Kapyong Day

Discussion in 'Other Conflicts' started by Cobber, Apr 24, 2010.

  1. Cobber

    Cobber New Member

    The 24th of April is commentated by the Royal Australian Regiment (RAR) and
    3 Btn RAR in particular as the commemorative day when they helped to stop a major Chinese offensive directed at capturing Seoul. This battle happened in the Kapyong river Valley so has the name Battle of Kapyong and the anniversary is named Kapyong day. The Chinese attackers consisted of a minimum of one full infantry division.
    The Australians and Canadians were sent forward into the Kapyong valley where the positions were given. The Aussies one hill the Canadians another to the left and slightly behind the Aussies, the 1st Middlesex Btn a mile or two behind their Bgd comrades in readiness for counter attack and holding a line as Brigade reserve a Coy of US Tanks, a Coy of US heavy Mortars and eventually the NZ Artillery Regt which had been sent forward to support Korean troops who were getting a hiding. The Kiwis made it back but had to set up their guns in the dark and while battle was rampaging right in front of them.
    The USA Mortar Coy took to the hills very early in battle in m,any cases leaving behind weapons (heavy and personnel) vehicles, and supplies, this was all saved and driven out late the next day. The USA Tanks at first copped a bit due to not placing the tanks in best places and ignoring any advice or other requests by Brit Comm 27th Bgd and the sub units. However once they got into the swing of the battle they proved invaluable with wonderful fire support, removal of wounded. They then load up with ammo and supplies and driving back through the hell that was the valley of Kapyong to the Australian positions. During battle for much of 23rd and night of 23/24th April 1951 the Chinese concentrated on the Aussies surrounding them and fierce hand to hand fighting, however late the next day the Aussies were finally able to withdraw back to friendly lines, even though still surrounded
    After failing to overrun and letting the Aussies get away the CCF set their eyes on the Canadians who fought excellently well untill the CCF finally had enough and withdrew.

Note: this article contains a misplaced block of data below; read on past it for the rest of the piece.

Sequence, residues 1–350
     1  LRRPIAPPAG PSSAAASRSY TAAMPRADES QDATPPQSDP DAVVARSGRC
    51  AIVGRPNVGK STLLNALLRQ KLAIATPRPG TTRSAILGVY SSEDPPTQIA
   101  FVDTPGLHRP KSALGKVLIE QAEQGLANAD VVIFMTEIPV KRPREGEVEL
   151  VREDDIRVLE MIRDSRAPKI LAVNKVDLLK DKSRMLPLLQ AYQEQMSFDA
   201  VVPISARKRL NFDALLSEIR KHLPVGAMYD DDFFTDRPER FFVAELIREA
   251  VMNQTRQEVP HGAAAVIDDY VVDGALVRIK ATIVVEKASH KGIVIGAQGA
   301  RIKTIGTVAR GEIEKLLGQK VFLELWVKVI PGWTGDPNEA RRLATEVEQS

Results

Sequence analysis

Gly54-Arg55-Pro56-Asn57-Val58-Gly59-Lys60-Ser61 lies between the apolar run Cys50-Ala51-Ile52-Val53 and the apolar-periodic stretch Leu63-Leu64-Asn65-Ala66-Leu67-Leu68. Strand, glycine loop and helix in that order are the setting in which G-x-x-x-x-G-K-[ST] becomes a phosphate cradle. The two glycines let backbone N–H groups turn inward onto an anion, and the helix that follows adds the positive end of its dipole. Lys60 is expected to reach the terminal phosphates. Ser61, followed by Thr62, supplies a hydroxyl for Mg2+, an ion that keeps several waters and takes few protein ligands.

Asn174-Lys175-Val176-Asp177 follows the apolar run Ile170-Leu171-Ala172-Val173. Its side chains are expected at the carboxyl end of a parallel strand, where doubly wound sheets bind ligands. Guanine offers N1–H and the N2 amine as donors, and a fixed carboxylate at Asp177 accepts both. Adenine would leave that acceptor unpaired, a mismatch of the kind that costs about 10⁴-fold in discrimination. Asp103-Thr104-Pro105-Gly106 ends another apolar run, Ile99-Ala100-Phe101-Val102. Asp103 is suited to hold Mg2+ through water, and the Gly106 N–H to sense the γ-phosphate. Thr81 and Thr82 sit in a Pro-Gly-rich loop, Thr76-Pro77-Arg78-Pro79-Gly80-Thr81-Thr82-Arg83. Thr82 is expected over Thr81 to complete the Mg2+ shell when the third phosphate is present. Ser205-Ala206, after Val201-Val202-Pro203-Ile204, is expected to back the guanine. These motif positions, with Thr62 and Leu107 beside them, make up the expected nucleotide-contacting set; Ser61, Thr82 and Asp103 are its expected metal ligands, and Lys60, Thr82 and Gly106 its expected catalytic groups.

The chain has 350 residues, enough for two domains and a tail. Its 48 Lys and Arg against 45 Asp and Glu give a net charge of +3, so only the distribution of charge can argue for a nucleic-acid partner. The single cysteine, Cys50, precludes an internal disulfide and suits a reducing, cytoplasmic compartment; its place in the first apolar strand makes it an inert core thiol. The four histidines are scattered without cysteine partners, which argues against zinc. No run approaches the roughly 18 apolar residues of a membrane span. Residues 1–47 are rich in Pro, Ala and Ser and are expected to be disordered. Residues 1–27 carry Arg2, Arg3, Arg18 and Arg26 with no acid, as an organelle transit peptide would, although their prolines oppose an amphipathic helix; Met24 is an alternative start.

The Aussie 3 RAR, Canadian 2nd Btn PPCLI and USA Company A 72nd Heavy Tank Btn were all awarded a USA presidential unit citation.

    For full more information and maps etc see

    Kapyong - 23-24 April 1951

    “At last I felt like an Anzac, and I imagine there were 600 others like me.”
    Captain Reg Saunders, Officer Commanding, C Company, 3 RAR

    {Note Captain Reg Saunders was a Aboriginal Australian the first to be given commission in Aussie military, he had fought through all of WW2 being a private with 6th Divvy in Western desert and Greece, he then went on to serve as a senior NCO and Sublatern in infantry units in many battles during the South West Pacific campaign.}

    Kapyong came to be the most significant and important battle for Australian troops in Korea.

    In April 1951 the Chinese launched their spring offensive with the aim of retaking the city of Seoul. They quickly overran South Korean forces defending one of the major approach routes, the valley of the Kapyong River. Thirty kilometres further south, the 27th British Commonwealth Brigade hastily occupied defensive positions in an attempt to halt the Chinese advance. Kapyong valley was too large an area to defend with the forces available, and the brigade was spread very thinly.

    Throughout the night the Chinese repeatedly pressed the Australian positions, attacking in waves over their own dead and wounded.

    "Major O'Dowd then directed the radio operator to contact anyone. The American 1st Marine Division answered but their operator refused to believe who our operator was speaking for. Major O'Dowd took the phone and demanded to speak to the commanding officer. The general in charge of the [Marine] division came on the phone and told O'Dowd we didn't exist as we had been wiped out the night before. Major O'Dowd said, 'I've got news for you, we are still here and we are staying here.'"

    Fighting continued throughout the day with the Australians holding their positions, and the Chinese also engaging D Company. But late on 24 April, with their position now untenable, the Australians were forced into a fighting withdrawal down a ridge to the valley, where they rejoined the brigade. By the afternoon of 25 April the road through to the Canadians had been cleared of Chinese and 2 PPCLI was relieved by US Army units. On Anzac Day 1951, the Australians rested after a long fight.

    Thirty-two Australians were killed and 53 were wounded for their part in stalling the Chinese advance and preventing Seoul from falling into enemy hands.
  2. Cobber

    Cobber New Member

    The battle lines of Kapyong, red = Chinese, blue left Canadians, Blue right Australians, Blue bottom Middlesex all of the 27th Brit Commonwealth Brigade.

    Attached Files:

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